Ever attended a wedding and noticed that no one seemed to be dressed according to the attire suggestion on the invitation? It can be pretty awkward. Photos can end up looking disjointed, and some guests might feel underdressed or overdressed. Today, there are multiple ways to interpret dress codes and attire suggestions. There are subtle hints any guest can look to in determining what's most appropriate for the event, ranging from the formality of the venue, the personalities of the couple and their friends, and the geographic location, to what other guests are wearing, the wedding party's attire, and of course, the attire notation on the invitation.
To help you avoid feeling out of place, we've decoded all different types of wedding attire.
Wedding Guest Dos and Don'ts
If there's no mention of attire on the wedding invitation, there are a few key clues guests can look to when determining what to wear. Alison Rinderknecht of Alison Events Planning + Design recommends checking out the venue location and formality, the time of the reception, whether the wedding will be indoors, outdoors or both, and the weather for the area if outdoors. She says when all else fails, "check in with your friends who are going and see what they're planning to wear. Also find out what the wedding party is wearing. If the bridesmaids are in short dresses, that's a good clue that it'll be a cocktail attire wedding."
Cocktail Attire (aka Semi-Formal)
"Cocktail Attire" is a modern twist on the "Semi-Formal" moniker of yesteryear. Elizabeth Lewis of The Nouveau Romantics suggests, "if a wedding is taking place at 4 or 5 in the evening, you should wear something that easily transitions from day to night. A dark suit and tie are appropriate for men, while a cocktail dress or a long skirt and top combination work perfectly for women. Think Oscars after-party, rather than the main show! Any time an invitation doesn't specify attire, we suggest cocktail attire, as it hits the sweet spot between formal and casual."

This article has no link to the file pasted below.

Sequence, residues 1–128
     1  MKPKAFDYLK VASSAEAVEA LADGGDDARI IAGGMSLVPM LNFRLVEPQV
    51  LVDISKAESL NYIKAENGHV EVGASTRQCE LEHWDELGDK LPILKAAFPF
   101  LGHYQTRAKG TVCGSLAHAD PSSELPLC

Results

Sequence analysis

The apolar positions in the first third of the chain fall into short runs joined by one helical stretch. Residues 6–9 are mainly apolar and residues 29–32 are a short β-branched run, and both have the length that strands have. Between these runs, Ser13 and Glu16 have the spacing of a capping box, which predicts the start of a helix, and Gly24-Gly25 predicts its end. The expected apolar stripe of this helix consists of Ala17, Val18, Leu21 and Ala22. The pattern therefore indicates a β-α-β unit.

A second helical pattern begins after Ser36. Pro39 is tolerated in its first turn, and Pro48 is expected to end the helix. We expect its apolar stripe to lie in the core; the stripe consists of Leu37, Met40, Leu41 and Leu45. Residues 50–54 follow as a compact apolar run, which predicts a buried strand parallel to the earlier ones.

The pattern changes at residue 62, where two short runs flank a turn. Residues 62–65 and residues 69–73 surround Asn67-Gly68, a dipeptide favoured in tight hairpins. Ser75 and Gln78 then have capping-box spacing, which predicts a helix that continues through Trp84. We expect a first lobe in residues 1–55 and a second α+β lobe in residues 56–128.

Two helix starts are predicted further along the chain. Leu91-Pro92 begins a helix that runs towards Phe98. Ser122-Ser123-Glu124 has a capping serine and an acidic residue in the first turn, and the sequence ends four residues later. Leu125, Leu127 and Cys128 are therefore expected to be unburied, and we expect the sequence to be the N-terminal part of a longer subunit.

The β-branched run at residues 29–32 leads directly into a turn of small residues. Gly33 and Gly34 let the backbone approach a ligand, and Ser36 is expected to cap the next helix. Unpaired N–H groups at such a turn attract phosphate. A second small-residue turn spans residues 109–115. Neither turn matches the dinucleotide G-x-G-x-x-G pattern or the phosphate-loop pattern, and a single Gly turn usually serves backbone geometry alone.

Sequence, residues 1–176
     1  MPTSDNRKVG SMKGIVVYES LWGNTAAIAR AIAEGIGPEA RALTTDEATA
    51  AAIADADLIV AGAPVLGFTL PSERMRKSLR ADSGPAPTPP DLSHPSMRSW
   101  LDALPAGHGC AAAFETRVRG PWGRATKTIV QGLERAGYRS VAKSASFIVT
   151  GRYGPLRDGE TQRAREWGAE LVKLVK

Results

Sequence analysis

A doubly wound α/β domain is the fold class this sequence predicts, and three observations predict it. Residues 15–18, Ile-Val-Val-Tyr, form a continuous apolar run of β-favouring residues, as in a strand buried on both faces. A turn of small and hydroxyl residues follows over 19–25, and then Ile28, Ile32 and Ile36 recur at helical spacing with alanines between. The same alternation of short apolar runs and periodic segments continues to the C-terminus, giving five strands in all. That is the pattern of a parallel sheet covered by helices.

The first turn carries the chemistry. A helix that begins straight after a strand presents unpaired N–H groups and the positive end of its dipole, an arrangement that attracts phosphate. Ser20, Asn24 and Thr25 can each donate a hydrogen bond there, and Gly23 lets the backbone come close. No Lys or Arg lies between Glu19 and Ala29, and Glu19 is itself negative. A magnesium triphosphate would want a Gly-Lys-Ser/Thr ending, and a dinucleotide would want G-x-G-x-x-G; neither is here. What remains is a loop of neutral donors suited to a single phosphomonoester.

Black Tie Optional (aka Formal)
Formal wear may also be referred to as "Black Tie Optional." "This language suggests the affair is slightly less formal than Black Tie," Lewis says. A tuxedo isn't required, but the event is still formal enough for one to be appropriate. For gentlemen who want to go a bit more casual, they can wear a white shirt with a dark suit and tie. Women are free to wear a long dress, formal separates, a formal cocktail dress, or a dressy suit."
If a wedding is listed as "Texas Black Tie," all of the above guidelines apply, but you'll want to add a bit of flair, say a bolo tie, cowboy boots, or a cowboy hat. Similarly, "Creative Black Tie" usually calls for adding a pop of personality like a playful clutch or a bold bowtie.
A "Black Tie" wedding typically denotes that the groom, groomsmen, and all male attendants will be wearing a tuxedo with a black bowtie, cummerbund, and freshly shined black shoes. Male guests should match that sentiment with a tuxedo or a very formal, fitted black suit and black tie.
For women, full length evening gowns are most appropriate. "Be cautious with prints and bright colors," Rinderknecht notes. "You want to look polished, but it's not appropriate to wear anything too flashy or bright, as you don't want to detract attention from the bride and her bridesmaids."
The "White Tie" affair is the most formal tier of dress code, most likely to be executed in a stately mansion, famous museum, or even in a castle. For men, this means wearing a black tailcoat with matching trousers, a white vest, white bowtie, shirt studs, cufflinks, and black shoes. Women will be best suited in full length ball gowns. Deck yourself out for this one!
Commonly reserved for events like the rehearsal dinner or welcome party, think of casual dress as a step up from your typical weekend wear. You don't want to go overly casual with old jeans and tees, so something you're likely to wear to cocktails with friends is more appropriate. Rinderknecht clarifies that for men, "shorts, flip flops, and baseball caps are really only acceptable on the beach and even then should be nicer than your average gym wear." As for the ladies, a casual dress or a cute pair of pants and blouse should do the trick.
Typically used for welcome parties or rehearsal dinners, "Festive Attire" usually refers to whatever the theme of the event is. If it's a BBQ, jeans and cowboy boots are fully encouraged. If it's a Gatsby-themed event, dressing to the nines in 1920s garb is par for the course.
"Beach Chic" and "Beach Formal" are attire suggestions that nod to the setting. Think formal attire but with a beachy spin. For women, Rinderknecht suggests a pretty caftan or sundress in a muted color with leather sandals, maybe adding a floppy hat after the ceremony. For men, lighter-colored suits are appropriate.